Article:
The First Galaxies in the Universe

Princeton University Press
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This book provides a comprehensive, self-contained introduction to one of the most exciting frontiers in astrophysics today: the quest to understand how the oldest and most distant galaxies in our universe first formed. Until now, most research on this question has been theoretical, but the next few years will bring about a new generation of large telescopes that promise to supply a flood of data about the infant universe during its first billion years after the big bang. This book bridges the gap between theory and observation. It is an invaluable reference for students and researchers on early galaxies.

The First Galaxies in the Universe starts from basic physical principles before moving on to more advanced material. Topics include the gravitational growth of structure, the intergalactic medium, the formation and evolution of the first stars and black holes, feedback and galaxy evolution, reionization, 21-cm cosmology, and more.


  • Provides a comprehensive introduction to this exciting frontier in astrophysics

  • Begins from first principles

  • Covers advanced topics such as the first stars and 21-cm cosmology

  • Prepares students for research using the next generation of large telescopes

  • Discusses many open questions to be explored in the coming decade

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About the author

Abraham Loeb is Frank B. Baird, Jr. Professor of Science, chair of the Astronomy Department, and director of the Institute for Theory and Computation at Harvard University. Loeb is a member of the American Academy of Arts and Sciences. He is the author of How Did the First Stars and Galaxies Form? (Princeton). Steven R. Furlanetto is associate professor of physics and astronomy at the University of California, Los Angeles.
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Additional Information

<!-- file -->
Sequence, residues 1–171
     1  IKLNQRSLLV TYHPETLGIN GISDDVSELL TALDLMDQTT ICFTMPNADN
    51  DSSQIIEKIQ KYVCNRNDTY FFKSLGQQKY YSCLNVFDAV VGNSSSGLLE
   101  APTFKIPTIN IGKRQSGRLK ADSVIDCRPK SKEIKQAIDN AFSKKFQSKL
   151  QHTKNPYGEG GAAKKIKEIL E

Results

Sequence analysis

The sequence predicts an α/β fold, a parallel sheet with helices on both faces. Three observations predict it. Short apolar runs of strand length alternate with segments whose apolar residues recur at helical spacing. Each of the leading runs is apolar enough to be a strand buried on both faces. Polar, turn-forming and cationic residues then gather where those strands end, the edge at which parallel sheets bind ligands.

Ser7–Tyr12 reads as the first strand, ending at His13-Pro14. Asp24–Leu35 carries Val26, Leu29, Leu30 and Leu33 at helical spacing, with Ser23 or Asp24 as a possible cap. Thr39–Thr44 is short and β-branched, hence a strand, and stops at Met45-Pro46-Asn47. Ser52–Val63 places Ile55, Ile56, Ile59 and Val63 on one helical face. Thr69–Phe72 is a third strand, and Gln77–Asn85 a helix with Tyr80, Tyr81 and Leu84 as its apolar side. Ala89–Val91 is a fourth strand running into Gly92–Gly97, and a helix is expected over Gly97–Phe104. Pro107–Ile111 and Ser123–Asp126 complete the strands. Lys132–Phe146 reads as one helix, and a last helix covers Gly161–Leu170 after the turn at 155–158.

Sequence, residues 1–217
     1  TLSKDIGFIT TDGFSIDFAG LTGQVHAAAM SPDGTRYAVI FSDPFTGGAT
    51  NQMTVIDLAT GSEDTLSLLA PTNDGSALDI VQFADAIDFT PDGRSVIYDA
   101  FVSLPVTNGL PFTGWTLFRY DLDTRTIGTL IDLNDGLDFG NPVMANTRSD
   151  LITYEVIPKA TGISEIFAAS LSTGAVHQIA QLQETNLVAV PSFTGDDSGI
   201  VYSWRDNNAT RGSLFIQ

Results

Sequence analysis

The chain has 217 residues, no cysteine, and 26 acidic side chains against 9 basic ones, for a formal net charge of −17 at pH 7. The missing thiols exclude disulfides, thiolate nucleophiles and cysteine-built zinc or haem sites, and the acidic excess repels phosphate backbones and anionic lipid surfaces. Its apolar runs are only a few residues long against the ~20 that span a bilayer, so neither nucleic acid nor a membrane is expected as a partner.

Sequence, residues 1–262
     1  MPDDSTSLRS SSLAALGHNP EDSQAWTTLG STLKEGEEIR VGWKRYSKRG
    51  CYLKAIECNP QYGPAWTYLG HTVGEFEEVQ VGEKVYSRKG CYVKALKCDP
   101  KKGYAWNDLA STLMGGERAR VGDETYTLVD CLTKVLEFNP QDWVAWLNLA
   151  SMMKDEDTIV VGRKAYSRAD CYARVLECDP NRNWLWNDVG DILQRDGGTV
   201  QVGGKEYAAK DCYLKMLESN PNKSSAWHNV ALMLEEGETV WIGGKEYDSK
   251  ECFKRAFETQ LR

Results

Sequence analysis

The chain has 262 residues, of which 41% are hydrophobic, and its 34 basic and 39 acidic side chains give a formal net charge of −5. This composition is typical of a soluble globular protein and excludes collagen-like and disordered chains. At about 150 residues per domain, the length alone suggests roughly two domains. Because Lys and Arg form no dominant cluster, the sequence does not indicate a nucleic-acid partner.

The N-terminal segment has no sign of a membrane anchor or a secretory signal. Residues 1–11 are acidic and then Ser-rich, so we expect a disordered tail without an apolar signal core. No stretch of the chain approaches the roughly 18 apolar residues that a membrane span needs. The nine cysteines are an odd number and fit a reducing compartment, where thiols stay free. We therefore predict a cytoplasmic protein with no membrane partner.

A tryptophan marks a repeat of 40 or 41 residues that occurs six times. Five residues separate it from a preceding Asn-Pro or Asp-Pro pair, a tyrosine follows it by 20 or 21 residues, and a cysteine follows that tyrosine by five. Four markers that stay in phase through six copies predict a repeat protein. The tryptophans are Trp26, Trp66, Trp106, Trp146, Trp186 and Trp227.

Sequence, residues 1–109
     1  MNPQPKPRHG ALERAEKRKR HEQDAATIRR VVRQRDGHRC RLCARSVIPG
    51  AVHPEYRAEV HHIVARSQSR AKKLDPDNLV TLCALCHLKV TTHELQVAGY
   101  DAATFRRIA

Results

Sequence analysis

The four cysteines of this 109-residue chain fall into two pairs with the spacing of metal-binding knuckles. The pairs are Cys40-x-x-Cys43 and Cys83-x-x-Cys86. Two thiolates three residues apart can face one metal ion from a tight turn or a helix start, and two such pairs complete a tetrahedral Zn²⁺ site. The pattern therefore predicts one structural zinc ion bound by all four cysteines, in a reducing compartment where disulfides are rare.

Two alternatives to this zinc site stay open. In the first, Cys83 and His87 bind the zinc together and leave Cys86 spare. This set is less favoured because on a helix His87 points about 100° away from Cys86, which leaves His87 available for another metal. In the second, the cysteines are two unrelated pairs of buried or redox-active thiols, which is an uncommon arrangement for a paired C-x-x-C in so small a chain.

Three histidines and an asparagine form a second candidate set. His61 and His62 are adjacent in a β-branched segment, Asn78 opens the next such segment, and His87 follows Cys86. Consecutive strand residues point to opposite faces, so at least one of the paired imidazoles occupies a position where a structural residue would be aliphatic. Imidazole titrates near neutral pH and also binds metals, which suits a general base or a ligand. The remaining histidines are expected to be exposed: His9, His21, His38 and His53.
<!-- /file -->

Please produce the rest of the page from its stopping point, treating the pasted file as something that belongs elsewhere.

Publisher
Princeton University Press
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Published on
Jan 15, 2013
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Pages
560
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ISBN
9781400845606
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Best For
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Language
English
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Genres
Science / Astronomy
Science / Cosmology
Science / Physics / Astrophysics
Science / Space Science
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Content Protection
This content is DRM protected.
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Eligible for Family Library

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Today's standard textbooks treat the theoretical structure of electric and magnetic fields, but their emphasis is on electromagnetic radiation and static-electric and magnetic fields. In this book, Eugene Parker provides advanced graduate students and researchers with a much-needed complement to existing texts, one that discusses the dynamic electromagnetism of the cosmos--that is, the vast magnetic fields that are carried bodily in the swirling ionized gases of stars and galaxies and throughout intergalactic space.